Medical students use online lectures to reach out to homeschooled children

The free education program aims to assist the local community during the coronavirus pandemic

June 16, 2020
Author: Iqbal Pittalwala
June 16, 2020

A pair of medical students at UC Riverside have launched a series of free lectures aimed at assisting children affected by recent school closures due to the coronavirus pandemic. 

Children of the UCR faculty, staff, and student communities as well as local families can attend the lectures being offered via Zoom.

Two lectures were offered on Monday, June 15. The first covered an exploration of families; the second discussed the brain. The third lecture, on Thursday, June 18, will cover microaggressions within the context of social justice. The fourth lecture this week, on Friday, June 19, will focus on staying fit and active. 

The lectures are aimed at elementary and middle school students. More lectures are being planned to cover environmental justice, sustainability, and systemic racism.

Erica Li
Erica Li

“UCR medical students and UC undergraduates are hosting the lectures,” said Erica Li of the class of 2023 and one of the organizers of the lecture series. “We have kept the format interactive. Presenters ask questions and engage the participants in games as well as writing and drawing exercises. We are encouraging questions and feedback from students as well as their parents and guardians.”

Catherine Banh
Catherine Banh

The idea for the lectures germinated in a conversation between medical student Catherine Banh, also of the class of 2023; and Sunny Nakae, associate dean of student affairs in the UCR medical school.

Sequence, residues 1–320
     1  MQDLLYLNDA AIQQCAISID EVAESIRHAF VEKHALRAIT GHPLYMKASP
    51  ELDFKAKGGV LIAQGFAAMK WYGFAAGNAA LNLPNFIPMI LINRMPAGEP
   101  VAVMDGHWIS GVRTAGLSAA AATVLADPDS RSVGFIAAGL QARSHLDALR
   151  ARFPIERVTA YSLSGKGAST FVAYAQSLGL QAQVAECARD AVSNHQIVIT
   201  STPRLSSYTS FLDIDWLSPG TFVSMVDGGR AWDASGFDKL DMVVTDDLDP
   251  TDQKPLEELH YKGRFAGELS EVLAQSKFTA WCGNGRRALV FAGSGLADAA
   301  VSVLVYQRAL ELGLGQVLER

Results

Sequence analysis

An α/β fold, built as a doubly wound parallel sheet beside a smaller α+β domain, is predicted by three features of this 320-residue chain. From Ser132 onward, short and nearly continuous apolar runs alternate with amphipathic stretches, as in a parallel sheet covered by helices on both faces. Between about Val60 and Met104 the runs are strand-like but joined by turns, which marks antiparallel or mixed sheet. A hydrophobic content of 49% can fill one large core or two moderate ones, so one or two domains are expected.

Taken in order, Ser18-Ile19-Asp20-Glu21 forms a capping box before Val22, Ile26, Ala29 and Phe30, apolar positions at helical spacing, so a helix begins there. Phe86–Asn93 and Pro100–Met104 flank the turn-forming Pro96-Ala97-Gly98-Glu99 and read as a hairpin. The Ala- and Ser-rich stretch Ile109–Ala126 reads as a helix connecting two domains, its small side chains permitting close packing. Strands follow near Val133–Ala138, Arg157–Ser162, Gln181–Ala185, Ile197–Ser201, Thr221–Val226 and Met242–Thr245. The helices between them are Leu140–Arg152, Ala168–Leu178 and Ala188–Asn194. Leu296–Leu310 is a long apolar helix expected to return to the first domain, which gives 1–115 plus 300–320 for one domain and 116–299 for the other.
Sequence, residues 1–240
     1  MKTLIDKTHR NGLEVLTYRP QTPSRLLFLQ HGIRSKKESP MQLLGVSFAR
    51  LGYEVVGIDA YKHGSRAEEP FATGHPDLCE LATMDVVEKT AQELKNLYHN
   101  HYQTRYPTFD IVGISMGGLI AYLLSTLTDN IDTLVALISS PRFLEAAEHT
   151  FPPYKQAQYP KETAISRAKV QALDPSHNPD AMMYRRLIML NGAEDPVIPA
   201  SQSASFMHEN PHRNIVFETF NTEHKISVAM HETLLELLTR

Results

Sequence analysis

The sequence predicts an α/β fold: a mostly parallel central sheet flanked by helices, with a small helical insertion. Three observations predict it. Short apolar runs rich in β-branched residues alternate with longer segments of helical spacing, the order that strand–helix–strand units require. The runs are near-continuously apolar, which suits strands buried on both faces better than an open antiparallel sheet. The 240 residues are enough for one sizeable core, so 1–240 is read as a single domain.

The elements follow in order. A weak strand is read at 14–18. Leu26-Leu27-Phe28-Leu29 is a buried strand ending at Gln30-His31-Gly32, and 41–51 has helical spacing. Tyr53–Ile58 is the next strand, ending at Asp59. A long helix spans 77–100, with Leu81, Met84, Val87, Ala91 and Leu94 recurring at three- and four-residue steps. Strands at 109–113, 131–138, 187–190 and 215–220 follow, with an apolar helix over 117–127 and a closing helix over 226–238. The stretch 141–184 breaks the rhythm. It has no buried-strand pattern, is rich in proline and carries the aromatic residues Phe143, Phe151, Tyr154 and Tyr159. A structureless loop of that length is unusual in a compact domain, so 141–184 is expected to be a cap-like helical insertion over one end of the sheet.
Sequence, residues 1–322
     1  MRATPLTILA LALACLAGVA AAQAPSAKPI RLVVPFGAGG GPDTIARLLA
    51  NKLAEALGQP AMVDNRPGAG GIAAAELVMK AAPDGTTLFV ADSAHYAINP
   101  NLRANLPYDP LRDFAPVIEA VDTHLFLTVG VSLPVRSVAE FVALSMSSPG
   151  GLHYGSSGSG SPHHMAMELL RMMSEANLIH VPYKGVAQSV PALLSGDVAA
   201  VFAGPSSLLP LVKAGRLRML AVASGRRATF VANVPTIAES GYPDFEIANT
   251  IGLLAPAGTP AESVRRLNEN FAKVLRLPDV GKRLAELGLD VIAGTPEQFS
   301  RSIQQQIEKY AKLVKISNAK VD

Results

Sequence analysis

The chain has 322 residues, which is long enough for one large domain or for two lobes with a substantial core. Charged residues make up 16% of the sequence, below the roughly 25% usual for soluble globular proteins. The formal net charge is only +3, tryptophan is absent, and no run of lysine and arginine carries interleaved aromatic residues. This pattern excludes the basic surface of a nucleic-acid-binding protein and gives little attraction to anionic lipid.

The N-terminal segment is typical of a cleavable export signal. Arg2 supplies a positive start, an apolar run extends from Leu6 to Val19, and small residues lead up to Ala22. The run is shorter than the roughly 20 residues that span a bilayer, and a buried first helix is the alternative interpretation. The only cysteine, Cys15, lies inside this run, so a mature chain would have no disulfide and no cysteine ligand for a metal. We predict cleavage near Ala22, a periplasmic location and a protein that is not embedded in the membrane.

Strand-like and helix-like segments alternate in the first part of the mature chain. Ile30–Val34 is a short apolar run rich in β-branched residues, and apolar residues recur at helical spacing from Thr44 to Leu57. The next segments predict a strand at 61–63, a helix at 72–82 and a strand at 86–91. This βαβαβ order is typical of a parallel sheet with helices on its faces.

“We were discussing the impact school closures have had on children of UCR School of Medicine faculty and staff,” said Banh, who co-organized the lectures with Li. “We felt there was a need for maintaining social interactions and learning for students while they are being homeschooled. We organized this program so UCR students could teach on their passions outside of medicine. We also would like kids in the community to be introduced to topics with which they are unfamiliar.”

Li and Banh stressed their goal is to provide an educational experience for attendees that is both fun and enriching. 

“With students adapting to online learning platforms and experiencing the social impacts of school closures, we wanted to promote an interactive learning environment through introductions to advanced topics and social justice issues,” Li said. 

“We also wanted to establish a link between education and health care,” Banh said. “This project allows UCR medical students to strengthen their communication and interpersonal skills, as well as engage with children in our local communities.”

Li and Banh were pleased the lectures presented on June 15 received a positive response. 

“We hope we have been able to show young folks in the community that medical students are warm, approachable, patient, and invested in the personal development of kids in the Inland Empire,” Banh said. “We recognize families and children are affected by the lack of school activities this summer, so we are volunteering our knowledge to educate students on topics they may be missing out on due to the pandemic.”  

Anyone interested in attending the lectures can register online in English or Spanish.